1. If this is your first time on BYC, we suggest you start with one of these three options:
    Raising Chickens Chicken Coops Join BYC
    If you're already a member of our community, click here to login & click here to learn what's new!

Baby chick disease?......

Discussion in 'Emergencies / Diseases / Injuries and Cures' started by DementedHam, Jun 19, 2007.

  1. DementedHam

    DementedHam Chillin' With My Peeps

    157
    0
    129
    May 23, 2007
    Southern California
    What does it mean when someone says "My chick hatched with the yolks still attached"? How/Why does this happen. Is it deadly? How do you cure it?

    Sorry for the excessive questions but I've read this various times and I don't understand. [​IMG]
     
  2. silkiechicken

    silkiechicken Staff PhD Premium Member

    That means that the chick hatched too early and they didn't asorb the yolk completely. This can be due to too high of temps during incubation or too low and a slow hatch. It is a developmental thing and not a disease. It's only deadly to the chick if it cannot asorb the last of the yolk post hatch or if it's insides get picked out by another chick when they see it. The only cure is time and isolation of the chick so it can't tear open the protruding yolk sac. Some try to push it in, I just give them time if it's not too bad.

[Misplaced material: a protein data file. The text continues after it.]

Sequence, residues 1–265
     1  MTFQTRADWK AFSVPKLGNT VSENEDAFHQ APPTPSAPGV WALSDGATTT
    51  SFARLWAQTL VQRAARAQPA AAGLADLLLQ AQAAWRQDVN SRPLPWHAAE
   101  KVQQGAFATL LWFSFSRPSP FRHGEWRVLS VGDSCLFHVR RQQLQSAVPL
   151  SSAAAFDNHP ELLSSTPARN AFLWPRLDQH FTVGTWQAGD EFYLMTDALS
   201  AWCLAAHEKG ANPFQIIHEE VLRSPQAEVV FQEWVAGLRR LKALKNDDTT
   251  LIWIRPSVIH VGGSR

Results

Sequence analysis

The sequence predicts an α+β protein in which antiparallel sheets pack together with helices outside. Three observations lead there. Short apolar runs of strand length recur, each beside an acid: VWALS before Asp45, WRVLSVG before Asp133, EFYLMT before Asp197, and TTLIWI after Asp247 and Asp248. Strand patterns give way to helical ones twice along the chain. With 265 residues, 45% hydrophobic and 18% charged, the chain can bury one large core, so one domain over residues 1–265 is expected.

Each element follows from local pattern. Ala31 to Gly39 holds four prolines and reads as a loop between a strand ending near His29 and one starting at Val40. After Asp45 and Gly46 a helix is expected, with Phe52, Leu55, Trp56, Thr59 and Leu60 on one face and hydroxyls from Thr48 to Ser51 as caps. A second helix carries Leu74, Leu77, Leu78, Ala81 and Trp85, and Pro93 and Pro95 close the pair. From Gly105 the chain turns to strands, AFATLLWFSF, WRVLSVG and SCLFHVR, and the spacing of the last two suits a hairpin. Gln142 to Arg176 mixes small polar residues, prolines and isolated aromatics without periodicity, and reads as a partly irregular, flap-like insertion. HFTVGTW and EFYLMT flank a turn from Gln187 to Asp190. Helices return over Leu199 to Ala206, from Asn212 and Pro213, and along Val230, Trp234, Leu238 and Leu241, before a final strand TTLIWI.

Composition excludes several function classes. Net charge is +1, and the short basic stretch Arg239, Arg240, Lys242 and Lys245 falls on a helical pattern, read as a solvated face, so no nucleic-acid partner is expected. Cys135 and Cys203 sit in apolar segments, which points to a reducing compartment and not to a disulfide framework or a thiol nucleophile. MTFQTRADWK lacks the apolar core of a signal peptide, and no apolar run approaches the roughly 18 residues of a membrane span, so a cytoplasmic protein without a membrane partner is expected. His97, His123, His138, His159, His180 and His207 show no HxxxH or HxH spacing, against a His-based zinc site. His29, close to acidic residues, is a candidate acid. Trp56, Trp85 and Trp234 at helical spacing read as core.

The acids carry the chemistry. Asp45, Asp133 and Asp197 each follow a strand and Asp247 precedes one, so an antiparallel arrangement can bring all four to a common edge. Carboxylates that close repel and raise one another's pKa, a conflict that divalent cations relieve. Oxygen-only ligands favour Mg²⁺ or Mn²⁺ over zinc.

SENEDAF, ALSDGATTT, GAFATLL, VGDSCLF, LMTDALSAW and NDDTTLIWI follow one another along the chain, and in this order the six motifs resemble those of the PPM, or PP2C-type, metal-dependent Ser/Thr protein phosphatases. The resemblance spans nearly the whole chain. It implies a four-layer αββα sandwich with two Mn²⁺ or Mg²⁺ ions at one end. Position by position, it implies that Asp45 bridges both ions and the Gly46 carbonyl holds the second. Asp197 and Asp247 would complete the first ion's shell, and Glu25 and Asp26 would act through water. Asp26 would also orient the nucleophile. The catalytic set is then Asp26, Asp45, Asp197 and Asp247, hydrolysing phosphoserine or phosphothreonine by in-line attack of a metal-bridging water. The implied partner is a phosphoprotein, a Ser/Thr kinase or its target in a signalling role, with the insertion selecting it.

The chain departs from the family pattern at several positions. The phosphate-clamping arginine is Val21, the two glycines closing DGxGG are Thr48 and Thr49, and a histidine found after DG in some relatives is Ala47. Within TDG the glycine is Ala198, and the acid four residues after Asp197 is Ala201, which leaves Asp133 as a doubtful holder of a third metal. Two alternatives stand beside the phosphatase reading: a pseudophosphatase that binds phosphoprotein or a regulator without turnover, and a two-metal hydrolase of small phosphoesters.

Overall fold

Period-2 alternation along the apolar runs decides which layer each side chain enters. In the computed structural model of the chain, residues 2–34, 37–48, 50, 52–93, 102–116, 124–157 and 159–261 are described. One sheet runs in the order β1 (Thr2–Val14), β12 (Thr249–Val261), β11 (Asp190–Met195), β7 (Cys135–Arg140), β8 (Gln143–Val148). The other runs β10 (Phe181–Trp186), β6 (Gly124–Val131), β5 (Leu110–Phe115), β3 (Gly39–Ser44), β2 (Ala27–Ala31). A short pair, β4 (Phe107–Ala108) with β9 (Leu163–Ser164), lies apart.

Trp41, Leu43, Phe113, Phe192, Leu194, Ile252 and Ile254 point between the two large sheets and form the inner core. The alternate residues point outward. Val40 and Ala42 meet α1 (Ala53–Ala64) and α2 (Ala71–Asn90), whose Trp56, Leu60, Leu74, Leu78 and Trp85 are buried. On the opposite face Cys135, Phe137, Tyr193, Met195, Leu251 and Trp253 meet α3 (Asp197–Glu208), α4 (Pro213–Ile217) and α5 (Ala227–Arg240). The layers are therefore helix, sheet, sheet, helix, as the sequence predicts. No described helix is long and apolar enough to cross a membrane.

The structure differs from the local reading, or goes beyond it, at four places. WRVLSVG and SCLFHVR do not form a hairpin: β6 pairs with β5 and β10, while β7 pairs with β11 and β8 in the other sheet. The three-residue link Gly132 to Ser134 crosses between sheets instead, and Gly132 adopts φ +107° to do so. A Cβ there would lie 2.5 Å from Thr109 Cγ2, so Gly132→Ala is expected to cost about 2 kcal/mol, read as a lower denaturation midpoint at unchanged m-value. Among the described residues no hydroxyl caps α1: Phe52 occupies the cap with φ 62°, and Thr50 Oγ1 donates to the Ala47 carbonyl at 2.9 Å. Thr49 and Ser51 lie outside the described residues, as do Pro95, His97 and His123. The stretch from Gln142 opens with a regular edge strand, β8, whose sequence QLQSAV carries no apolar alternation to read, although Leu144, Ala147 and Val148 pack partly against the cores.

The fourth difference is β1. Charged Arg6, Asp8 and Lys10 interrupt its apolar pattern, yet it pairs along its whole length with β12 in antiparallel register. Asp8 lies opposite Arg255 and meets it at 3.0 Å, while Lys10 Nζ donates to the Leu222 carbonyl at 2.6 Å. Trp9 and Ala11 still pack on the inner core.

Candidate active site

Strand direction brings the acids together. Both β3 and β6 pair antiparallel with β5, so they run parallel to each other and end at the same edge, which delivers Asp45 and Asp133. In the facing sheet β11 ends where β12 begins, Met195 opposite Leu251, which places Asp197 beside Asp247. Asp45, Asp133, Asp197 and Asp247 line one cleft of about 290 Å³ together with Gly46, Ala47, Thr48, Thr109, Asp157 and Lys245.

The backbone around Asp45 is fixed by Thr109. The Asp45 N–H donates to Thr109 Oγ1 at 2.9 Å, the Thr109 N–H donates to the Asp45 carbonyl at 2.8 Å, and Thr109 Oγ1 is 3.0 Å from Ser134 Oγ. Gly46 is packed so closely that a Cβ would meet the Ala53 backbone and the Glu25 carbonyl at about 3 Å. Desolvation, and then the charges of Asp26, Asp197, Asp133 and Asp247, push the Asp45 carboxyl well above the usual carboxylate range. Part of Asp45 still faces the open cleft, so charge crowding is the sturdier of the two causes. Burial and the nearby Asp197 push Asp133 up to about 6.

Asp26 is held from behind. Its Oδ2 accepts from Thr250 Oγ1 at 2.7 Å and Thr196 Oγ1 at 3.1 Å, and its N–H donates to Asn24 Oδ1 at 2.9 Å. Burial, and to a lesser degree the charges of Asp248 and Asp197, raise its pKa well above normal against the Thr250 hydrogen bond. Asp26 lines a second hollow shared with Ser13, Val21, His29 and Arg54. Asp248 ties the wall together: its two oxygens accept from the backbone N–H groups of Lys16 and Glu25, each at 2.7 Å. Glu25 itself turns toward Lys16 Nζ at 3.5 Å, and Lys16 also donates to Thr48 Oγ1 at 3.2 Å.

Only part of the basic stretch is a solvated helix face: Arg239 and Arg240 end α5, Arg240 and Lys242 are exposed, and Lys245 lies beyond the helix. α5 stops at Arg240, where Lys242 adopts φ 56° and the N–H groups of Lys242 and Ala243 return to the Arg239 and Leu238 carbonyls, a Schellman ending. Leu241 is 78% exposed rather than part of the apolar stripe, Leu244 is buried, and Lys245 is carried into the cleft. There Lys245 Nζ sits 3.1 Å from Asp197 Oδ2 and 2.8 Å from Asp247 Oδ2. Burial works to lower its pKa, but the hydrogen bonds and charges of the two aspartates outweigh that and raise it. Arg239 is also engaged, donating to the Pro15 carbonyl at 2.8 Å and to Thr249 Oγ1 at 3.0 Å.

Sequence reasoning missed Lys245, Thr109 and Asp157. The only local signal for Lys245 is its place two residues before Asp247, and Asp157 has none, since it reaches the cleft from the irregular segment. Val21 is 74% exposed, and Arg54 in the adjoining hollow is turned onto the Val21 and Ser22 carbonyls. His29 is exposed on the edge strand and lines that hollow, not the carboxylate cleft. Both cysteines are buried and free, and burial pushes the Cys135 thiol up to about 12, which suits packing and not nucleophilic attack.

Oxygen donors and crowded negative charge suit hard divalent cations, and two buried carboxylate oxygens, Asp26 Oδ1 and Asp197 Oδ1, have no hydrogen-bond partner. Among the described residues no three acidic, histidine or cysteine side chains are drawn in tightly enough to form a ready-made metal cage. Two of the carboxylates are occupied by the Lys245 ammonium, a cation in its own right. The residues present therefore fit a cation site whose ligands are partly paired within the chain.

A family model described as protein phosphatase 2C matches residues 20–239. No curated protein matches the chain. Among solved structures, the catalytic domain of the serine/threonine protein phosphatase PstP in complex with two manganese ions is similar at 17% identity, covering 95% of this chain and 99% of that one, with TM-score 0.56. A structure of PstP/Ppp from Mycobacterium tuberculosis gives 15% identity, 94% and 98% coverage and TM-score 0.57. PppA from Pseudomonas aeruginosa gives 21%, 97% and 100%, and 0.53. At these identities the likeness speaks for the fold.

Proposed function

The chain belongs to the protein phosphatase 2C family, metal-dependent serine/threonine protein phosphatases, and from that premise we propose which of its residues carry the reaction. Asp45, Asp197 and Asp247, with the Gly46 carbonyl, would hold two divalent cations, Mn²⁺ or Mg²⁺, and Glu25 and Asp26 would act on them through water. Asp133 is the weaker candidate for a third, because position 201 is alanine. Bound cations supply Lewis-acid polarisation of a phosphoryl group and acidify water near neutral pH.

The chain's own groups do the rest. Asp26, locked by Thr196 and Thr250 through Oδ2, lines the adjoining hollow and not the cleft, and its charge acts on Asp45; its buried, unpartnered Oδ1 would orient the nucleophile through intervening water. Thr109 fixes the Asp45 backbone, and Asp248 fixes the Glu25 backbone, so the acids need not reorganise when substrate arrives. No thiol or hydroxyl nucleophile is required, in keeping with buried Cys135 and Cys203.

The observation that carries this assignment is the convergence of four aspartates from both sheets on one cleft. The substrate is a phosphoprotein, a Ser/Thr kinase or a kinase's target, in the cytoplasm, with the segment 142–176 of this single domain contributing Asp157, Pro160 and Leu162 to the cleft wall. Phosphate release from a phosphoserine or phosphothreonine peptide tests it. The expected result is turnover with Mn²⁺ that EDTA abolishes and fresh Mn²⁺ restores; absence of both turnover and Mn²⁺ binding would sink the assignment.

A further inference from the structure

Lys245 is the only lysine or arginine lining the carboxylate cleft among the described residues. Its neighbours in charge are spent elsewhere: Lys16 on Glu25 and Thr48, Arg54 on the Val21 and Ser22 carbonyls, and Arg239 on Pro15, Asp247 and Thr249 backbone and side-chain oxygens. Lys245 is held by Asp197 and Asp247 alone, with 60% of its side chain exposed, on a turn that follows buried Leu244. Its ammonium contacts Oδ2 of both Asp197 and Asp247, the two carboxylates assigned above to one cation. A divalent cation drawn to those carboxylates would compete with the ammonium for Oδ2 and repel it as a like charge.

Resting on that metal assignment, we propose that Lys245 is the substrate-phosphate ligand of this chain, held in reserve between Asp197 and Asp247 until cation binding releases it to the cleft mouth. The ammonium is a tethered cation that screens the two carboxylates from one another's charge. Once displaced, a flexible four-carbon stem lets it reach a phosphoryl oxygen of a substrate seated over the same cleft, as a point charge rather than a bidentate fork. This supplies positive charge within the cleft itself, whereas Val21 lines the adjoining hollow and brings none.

3. DementedHam

    DementedHam Chillin' With My Peeps

    157
    0
    129
    May 23, 2007
    Southern California
    Thank you for the reply. Still..... "if it cannot asorb the last of the yolk"

    so if it is not done eating his food he'll die? [​IMG]
     
  4. eggchel

    eggchel Overrun With Chickens Premium Member

    6,190
    42
    291
    Dec 26, 2006
    Both Coasts
    Ham, The yolk is attached to the abdomen of the chick via an umbilical cord and is the source of nourishment during incubation. Just before hatching, the chick absorbs the last of the yolk, through the umbilical, into its belly. The yolk, after it is absorbed, is what sustains the chick for the first few days. Sometimes the chick doesnt absorb all of the yolk and will hatch with a "bubble" of yolk protruding from its belly at the umbilical. If separated and kept quiet, it may absorb the rest within a day or so. The problems arise when other chicks peck at the yolk outside the belly and rupture it, which can lead to further evisceration by other chicks (causing death), or when bacteria gets in leading to infection (causing death).

    chel
     

BackYard Chickens is proudly sponsored by